Manchester City's clash with Leicester on Monday night was beginning to take the form of a title decider, but a relentless Liverpool side once again refused to lie down.
This was a brutal, blow-for-blow exchange, and though the Reds, off the back of a gut-wrenching defeat at Barcelona in midweek, looked weary, they found a way to win for the umpteenth time this season courtesy of Divock Origi's glancing header.
The result means the greatest title race in the history of the Premier League is guaranteed to be settled on the final day. Anything else would frankly be a betrayal.
Phenomenal show of character
There was a period in this game when Liverpool's Premier League ambitions looked dead and buried. A pulsating affair had slowed to walking pace after a succession of injuries, one of which robbed the Reds of their star player, and a galling sloppiness had crept into the visitors' play.
Liverpool had produced a top performance at the Nou Camp a matter of days earlier, only to be wickedly undone by Lionel Messi's brilliance, and so they were forced to cope with immense physical, and surely, mental fatigue. They needed to dig out a victory to keep alive their hopes of the silverware their performances so richly deserve.
Newcastle exploited Liverpool's vulnerabilities, pressing high and utilising the immense physicality of Salomon Rondon. To be pegged back for a second time truly was a hammer blow.
But they maintained their belief, they knew another opportunity would come, and they took it when it arrived. There is a great deal of quality in this Liverpool team but above all it is their attitude which has kept them in this title race.
It is now likely that Liverpool finish second with 97 points. That seems particularly cruel, but nevertheless supporters ought to feel immense pride when they look upon this remarkable team.
Meant to be?
Divock Origi's winning goal represents yet another example of a textbook championship moment. Liverpool seem to have had so many this season; even within the last couple of months you can pick out the battling triumphs against Fulham, Spurs and Southampton.
Fans ought to be asking 'how many of these meant to be moments do we need before it's actually going to be?'
The problem, of course, is that their chief rivals are good enough to overcome the narratives. Time and again, they have responded to Liverpool's statements with a steely resolve.
But can they do it twice more? This title race feels as though it may just have one more twist in it.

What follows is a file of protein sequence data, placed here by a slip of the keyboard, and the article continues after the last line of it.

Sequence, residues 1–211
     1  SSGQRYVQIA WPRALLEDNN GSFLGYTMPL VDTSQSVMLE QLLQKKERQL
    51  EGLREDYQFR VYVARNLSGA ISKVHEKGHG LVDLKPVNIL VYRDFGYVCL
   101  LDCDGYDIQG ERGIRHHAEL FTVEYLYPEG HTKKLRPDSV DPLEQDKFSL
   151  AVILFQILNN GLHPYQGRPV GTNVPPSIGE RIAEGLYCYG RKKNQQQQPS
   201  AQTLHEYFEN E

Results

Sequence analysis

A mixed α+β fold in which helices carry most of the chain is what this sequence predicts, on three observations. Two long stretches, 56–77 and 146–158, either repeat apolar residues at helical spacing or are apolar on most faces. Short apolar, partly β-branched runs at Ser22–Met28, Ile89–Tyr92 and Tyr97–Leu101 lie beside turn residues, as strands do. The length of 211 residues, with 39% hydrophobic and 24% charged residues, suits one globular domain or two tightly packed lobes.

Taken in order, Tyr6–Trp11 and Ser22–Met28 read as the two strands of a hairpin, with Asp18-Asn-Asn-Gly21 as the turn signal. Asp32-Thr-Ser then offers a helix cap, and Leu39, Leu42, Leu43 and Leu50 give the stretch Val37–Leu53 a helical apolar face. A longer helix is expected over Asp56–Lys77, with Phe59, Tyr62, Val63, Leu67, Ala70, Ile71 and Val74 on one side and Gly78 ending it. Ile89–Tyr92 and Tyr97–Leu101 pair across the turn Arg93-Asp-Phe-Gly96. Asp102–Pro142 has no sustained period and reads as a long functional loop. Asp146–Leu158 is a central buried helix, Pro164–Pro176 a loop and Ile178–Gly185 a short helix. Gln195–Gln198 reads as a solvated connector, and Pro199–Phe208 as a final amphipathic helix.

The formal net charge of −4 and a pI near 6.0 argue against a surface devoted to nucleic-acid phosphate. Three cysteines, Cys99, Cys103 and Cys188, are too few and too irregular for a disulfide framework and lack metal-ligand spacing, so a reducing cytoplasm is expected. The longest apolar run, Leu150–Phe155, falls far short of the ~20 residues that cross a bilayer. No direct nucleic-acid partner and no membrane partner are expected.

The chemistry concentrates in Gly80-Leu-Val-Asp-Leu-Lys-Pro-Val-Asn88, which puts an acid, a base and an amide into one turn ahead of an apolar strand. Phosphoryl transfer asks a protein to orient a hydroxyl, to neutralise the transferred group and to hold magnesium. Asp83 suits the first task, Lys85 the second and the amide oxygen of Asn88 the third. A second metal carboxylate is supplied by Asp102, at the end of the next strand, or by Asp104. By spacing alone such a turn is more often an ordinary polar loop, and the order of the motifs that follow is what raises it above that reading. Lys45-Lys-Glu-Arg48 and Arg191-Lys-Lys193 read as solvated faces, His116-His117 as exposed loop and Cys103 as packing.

Lovren justifies pecking order
It wasn't a surprise to see Dejan Lovren slot into Liverpool's defence in place of Joel Matip, with little to separate the two in terms of quality and another huge test, requiring fresh legs, ahead on Tuesday night.
Matip started the campaign as Liverpool's fourth-choice centre-back but seized the opportunity offered by Joe Gomez's injury and has now made the position his own.
He is performing better than he ever has in a Reds shirt, and on the evidence of Lovren's display here he has reason to be confident of retaining his spot.
The Croatian is typically more solid than he is given credit for, but in this game he found Rondon, whose threat he would have been all too aware of, too hot to handle and was off the pace throughout.
Liverpool fans certainly won't consider it a coincidence that their defence was significantly less secure in his presence.
Calls for attacking additions intensify
One of Liverpool's auxiliary brigade may have bagged their winner here, but that certainly won't prevent further calls for quality reinforcements in this summer's transfer window.
Daniel Sturridge was an eyebrow-raising name on the teamsheet after struggling last time out against Huddersfield and, while his passing was crisp and incisive, he was brought into the side for his killing instinct in front of goal and he couldn't provide it, blazing Liverpool's best opportunity of the second half over the top.
Had this matched finished level, it would certainly have been identified as the key moment.
With Roberto Firmino poised to return against Barcelona, this could well prove to be Sturridge's last appearance for the club. Liverpool need to replace him with an exciting young talent who can effectively compensate, when necessary, for the absence of one of their most vital players.
Salah injury mars victory
This was a bittersweet win for Liverpool, with Salah's nasty head injury potentially spelling an end to his season.
He barely moved after hitting the deck and looked in a bad way as he was stretchered off the pitch. Protocol dictates that players are handed at least a week's rest if they sustain such an injury. If it's as serious as it looked, that could well be the Egyptian's last involvement.
He had once again demonstrated his importance earlier in the game by steering in his side's second goal to move two clear in the Golden Boot race.
But Liverpool will surely be without him when they seek to perform a miracle against Barcelona at Anfield. One could argue they have little chance without some brilliance from the prolific forward.
Might he be ok for a potential title-decider against Wolves? The club will await the prognosis with bated breath.